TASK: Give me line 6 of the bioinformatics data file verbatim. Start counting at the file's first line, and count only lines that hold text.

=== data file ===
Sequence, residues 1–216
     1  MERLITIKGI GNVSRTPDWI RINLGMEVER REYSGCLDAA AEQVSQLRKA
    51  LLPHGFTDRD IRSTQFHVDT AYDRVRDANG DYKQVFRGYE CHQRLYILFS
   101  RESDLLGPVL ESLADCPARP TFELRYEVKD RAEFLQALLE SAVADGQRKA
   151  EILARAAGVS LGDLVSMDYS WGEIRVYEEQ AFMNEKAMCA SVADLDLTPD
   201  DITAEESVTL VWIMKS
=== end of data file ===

   201  DITAEESVTL VWIMKS